A new report and survey released by a national Hispanic advocacy group suggests Davidson County’s controversial 287(g) program undermines public safety and exacerbates the fear Nashville’s Latino community has of law enforcement.
The federal 287(g) program, first implemented in Nashville beginning in April 2007, authorizes local governments to screen arrested individuals to detect illegal immigrants before beginning deportation proceedings. So far, more than 7,700 individuals have been processed through the program in Nashville.
Davidson County Sheriff Daron Hall has been an outspoken supporter of the program, arguing the approach has been effective in decreasing crime among illegal immigrants.
But a report from the National Council of La Raza claims 287(g) has in fact been ineffective in decreasing crime. The study says the program has too often led to the arrests of people who have no criminal background and the detention of individuals for offenses such as traffic stops and playing loud music.
The report goes further, suggesting Nashville’s Latino residents are often deterred from reporting criminal incidents to law enforcement officials because of potential consequences for doing so.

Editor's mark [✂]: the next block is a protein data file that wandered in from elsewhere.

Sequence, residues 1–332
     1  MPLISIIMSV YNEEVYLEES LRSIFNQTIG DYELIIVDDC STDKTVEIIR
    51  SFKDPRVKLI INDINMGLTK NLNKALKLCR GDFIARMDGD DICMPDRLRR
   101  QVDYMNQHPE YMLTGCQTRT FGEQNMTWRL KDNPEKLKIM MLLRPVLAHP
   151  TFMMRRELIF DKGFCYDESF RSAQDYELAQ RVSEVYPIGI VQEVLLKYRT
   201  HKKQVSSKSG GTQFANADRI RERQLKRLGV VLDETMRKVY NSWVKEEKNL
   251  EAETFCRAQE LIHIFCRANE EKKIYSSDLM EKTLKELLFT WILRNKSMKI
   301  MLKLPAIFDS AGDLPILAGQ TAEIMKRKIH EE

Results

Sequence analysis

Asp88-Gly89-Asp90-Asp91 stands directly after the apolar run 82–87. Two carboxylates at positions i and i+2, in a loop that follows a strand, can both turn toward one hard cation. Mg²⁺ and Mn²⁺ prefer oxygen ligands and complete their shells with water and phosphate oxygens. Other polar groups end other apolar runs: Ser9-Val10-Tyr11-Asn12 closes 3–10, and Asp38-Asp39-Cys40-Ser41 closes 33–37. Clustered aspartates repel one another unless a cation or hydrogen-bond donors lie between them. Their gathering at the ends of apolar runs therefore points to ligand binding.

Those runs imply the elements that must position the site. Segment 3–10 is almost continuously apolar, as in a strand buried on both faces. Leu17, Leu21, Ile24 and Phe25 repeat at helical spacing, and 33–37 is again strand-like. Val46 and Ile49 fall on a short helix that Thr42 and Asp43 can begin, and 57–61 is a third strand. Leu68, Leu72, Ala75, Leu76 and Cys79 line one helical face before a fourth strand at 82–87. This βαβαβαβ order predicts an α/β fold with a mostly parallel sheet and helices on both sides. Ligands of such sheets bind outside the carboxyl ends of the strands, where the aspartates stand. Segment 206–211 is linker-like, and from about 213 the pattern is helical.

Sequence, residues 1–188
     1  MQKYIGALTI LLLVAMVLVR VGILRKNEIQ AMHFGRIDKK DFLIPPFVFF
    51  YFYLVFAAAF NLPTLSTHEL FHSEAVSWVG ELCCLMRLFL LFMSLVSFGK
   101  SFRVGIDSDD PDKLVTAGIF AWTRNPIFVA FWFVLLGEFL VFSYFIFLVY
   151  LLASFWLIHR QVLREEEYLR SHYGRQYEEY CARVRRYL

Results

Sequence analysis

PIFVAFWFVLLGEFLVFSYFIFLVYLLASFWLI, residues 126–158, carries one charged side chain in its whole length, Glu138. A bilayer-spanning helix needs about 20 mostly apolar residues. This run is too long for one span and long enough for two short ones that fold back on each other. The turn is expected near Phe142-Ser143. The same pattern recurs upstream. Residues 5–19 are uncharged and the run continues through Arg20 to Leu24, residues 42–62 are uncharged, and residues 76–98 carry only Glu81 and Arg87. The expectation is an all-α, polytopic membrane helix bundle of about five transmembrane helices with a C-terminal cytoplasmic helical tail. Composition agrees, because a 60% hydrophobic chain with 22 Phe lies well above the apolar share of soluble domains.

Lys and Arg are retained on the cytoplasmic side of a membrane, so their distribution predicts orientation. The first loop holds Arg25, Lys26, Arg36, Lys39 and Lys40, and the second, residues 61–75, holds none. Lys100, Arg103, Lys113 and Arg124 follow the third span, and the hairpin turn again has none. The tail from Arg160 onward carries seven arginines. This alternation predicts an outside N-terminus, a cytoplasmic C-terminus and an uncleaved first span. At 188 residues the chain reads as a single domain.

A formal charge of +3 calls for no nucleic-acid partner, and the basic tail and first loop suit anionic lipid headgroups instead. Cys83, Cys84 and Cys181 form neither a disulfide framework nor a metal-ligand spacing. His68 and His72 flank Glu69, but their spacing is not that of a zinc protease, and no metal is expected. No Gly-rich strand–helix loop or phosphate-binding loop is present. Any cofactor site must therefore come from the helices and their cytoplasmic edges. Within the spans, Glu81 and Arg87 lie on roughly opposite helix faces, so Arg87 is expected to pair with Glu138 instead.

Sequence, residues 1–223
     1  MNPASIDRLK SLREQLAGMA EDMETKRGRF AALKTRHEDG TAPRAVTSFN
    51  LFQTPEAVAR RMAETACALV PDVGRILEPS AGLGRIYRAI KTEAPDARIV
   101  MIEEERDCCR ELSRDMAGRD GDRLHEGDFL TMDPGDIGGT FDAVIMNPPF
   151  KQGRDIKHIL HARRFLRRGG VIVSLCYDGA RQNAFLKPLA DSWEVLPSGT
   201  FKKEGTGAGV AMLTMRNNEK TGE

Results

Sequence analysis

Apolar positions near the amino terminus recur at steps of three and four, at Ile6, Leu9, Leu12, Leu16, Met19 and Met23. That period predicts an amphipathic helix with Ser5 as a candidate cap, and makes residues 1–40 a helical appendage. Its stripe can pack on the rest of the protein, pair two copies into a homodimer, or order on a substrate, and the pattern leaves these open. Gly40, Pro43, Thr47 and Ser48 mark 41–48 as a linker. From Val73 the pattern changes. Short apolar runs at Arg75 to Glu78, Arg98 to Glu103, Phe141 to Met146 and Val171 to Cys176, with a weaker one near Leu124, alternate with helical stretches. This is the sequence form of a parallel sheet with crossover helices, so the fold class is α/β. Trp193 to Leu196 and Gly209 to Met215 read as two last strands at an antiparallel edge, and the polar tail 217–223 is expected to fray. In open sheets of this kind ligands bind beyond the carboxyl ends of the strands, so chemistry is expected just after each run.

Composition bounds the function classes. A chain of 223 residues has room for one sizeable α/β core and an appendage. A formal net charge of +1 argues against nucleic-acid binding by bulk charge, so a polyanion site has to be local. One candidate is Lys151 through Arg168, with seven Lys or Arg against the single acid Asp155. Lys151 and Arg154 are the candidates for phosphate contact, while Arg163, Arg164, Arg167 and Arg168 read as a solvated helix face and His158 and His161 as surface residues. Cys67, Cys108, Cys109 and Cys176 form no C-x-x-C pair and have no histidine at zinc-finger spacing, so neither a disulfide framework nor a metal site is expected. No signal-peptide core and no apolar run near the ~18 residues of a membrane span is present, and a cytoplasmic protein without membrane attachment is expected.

A survey conducted in Davidson County found that 42 percent of Latino respondents said they knew of a crime but had not reported it to Metro police out of fear of deportation.
The survey also found 54 percent of Latinos in Davidson County would not report a crime altogether, compared with 27 percent of African-Americans who would not. According to the report, the Latino and black respondents share similar economic backgrounds and living situations.
“The real significant finding of this report is to shed light on the impact of the program on fear of the community, and the undermining of public safety for all Davidson County residents,” said Stephen Fotopulos, executive director of the Tennessee Immigration and Refugee Rights Coalition, during a teleconference with reporters.
A message left with the sheriff's office was not immediately returned.